I have been looking at brewing several recipes that call for a multi-step mash that includes a protein rest. I saw a Mr Wizard article in BYO that sort of defends protein rests.

Just like the questioner in that article, I thought that protein rests were unnecessary for well-modified malts, but Mr Wizard says that brewers still consider a protein rest necessary where there is 20% of more wheat in the grain bill (for clarity purposes, I guess), or to ease separate of wort in the lauter.

This doesn't make sense to me, because it seems that any proteolytic enzymes in the malted wheat (and other malts) would have been destroyed by the malting process, meaning that no protein is being affected by the protein rest. Is it correct that there are no or negligible amounts of proteolytic enzymes in modern malted grains?

Also, as far as separating wort, wouldn't a mash-out step or high-temp sparge do the same, if you bring the mash up to 170°F?

2 Answers 2


First, keep in mind that Mr. wizard is a commercial brewer and his answers come from that point of view. It may not be applicable to homebrewers.

Using wheat may be about the only case where using a protein rest may be of benefit. But it'a not a given. There are still proteolytic enzymes left in the malt. Due to the high protein content of wheat, it can possibly lead t stuck runoffs and a p rest may help that. Notice that there's a lot of "maybe" in my statements. That's because it's not a cut and dried situation. Here's an excerpt from my upcoming book "Experimental Brewing" that may help explain it....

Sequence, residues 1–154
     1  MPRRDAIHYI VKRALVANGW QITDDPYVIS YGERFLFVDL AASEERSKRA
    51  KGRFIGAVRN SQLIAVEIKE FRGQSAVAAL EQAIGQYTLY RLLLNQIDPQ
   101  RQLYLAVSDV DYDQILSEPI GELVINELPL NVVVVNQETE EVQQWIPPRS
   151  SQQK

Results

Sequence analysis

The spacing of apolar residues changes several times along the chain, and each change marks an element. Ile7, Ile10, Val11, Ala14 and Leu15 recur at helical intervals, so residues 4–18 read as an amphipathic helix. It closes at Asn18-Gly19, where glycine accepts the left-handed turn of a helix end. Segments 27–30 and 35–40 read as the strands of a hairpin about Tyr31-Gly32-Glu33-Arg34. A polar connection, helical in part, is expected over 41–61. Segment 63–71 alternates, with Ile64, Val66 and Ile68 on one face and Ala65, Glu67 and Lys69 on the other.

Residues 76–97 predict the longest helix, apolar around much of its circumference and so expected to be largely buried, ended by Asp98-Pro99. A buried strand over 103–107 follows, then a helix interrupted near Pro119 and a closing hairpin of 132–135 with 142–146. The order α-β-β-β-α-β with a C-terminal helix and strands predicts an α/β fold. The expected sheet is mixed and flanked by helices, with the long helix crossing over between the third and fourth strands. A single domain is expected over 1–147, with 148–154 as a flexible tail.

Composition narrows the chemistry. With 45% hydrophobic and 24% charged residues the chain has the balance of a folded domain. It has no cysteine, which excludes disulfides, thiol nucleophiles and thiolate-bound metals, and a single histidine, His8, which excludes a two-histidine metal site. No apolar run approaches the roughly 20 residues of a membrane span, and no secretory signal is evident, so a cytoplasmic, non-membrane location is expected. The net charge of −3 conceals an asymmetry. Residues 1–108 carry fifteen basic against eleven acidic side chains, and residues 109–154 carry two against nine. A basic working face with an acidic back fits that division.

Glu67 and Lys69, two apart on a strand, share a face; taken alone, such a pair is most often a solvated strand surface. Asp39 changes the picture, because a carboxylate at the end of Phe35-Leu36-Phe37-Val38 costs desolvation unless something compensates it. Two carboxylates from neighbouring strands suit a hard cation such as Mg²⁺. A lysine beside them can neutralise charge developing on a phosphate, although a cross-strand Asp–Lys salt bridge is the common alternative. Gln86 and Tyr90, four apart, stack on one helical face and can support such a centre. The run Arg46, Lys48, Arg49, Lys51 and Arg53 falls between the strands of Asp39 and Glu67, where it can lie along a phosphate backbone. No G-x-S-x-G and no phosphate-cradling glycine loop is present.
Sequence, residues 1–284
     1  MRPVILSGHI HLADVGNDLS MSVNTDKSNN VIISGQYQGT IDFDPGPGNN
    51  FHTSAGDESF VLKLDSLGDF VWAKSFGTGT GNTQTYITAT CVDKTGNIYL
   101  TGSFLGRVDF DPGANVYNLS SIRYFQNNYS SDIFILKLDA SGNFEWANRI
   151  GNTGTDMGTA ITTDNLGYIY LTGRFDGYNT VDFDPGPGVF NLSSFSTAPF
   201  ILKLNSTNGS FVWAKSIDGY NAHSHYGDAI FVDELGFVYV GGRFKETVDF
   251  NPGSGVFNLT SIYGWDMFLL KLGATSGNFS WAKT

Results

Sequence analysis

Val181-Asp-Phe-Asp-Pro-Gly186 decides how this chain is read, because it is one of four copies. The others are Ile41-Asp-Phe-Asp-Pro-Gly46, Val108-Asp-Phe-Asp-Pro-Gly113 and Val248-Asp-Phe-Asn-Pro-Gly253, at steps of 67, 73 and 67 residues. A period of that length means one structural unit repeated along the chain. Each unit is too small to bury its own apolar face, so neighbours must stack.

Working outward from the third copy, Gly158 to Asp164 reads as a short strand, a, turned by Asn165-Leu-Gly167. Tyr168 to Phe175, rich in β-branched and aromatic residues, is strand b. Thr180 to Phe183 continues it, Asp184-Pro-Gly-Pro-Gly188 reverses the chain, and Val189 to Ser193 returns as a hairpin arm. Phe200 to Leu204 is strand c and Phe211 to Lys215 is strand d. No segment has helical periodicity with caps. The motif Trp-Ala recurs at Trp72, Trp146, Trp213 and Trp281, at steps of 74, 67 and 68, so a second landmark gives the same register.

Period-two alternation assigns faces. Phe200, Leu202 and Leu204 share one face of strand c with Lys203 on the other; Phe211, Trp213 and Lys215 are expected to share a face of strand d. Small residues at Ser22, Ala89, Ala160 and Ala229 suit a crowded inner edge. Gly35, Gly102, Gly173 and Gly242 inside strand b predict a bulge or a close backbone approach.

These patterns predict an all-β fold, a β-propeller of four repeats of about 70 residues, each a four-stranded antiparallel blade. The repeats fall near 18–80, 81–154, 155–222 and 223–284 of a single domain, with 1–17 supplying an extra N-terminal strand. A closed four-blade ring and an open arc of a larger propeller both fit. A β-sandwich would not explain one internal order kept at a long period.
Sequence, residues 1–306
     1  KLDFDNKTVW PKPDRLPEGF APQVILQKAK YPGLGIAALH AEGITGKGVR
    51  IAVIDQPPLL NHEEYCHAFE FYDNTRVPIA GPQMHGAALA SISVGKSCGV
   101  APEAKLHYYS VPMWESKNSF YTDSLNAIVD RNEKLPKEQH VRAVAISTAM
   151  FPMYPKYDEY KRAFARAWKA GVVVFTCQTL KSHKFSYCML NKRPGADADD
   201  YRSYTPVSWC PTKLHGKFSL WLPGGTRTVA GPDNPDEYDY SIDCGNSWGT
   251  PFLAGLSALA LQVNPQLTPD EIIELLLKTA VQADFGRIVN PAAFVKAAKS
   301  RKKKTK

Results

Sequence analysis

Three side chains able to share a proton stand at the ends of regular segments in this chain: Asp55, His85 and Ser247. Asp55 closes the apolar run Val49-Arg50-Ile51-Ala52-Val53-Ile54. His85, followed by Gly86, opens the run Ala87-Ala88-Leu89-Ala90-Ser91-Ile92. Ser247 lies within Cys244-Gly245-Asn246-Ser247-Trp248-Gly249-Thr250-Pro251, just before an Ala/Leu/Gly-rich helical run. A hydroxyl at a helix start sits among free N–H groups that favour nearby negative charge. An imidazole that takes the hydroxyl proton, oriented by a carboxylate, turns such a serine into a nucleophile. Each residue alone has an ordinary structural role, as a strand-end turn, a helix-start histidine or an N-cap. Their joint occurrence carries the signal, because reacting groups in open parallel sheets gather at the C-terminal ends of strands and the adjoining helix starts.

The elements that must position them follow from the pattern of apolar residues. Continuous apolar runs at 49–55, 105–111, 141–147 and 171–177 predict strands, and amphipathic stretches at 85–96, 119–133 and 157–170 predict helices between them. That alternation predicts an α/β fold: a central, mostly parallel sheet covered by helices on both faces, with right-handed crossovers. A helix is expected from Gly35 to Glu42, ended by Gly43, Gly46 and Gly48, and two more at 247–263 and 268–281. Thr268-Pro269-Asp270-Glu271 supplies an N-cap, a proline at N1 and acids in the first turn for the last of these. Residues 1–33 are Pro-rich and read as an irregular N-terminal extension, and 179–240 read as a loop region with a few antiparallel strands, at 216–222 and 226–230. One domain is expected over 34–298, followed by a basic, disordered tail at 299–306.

It turns out that wheat doesn’t have significantly higher protein levels compared to barley, but due to solubility factors, it leeches more protein into the wort. Here’s the funny part about our traditional wisdom – according to a recent study from Leuven, Belgium – wheat provides some better foam stability characteristics, but only for brews with highly modified malts and only in the higher gravity versions and only when gassed with Nitrogen instead of CO2. Even better – we know that Wheat is supposed to induced hazy cloudy beers, right? The effect of wheat protein haze is more pronounced at lower overall levels of wheat in the mash – i.e. a beer brewed with 20% wheat will be hazier than a beer brewed with 40% wheat. According to the researchers this is believed to be due to the more aggressive breakdown of the large protein strands in the 20% wheat beer. This leads to smaller particles that are less likely to settle out.


During malting, the maltster uses the kiln to dry out the malts. Pilsner, wheat and other light malts are heated to 45°C with a lot of ventilation. This dries out the malt considerably. Once the moisture content has been sufficiently reduced, the temperature can be increased to higher temperatures - the low moisture content protects the enzymes to some degree, although for more strongly kilned malts, the enzymes still denature due to the high temperatures and longer time.

So, the enzymes are still present, and a protein rest is still useful for altering the profile of different length proteins in the wort.


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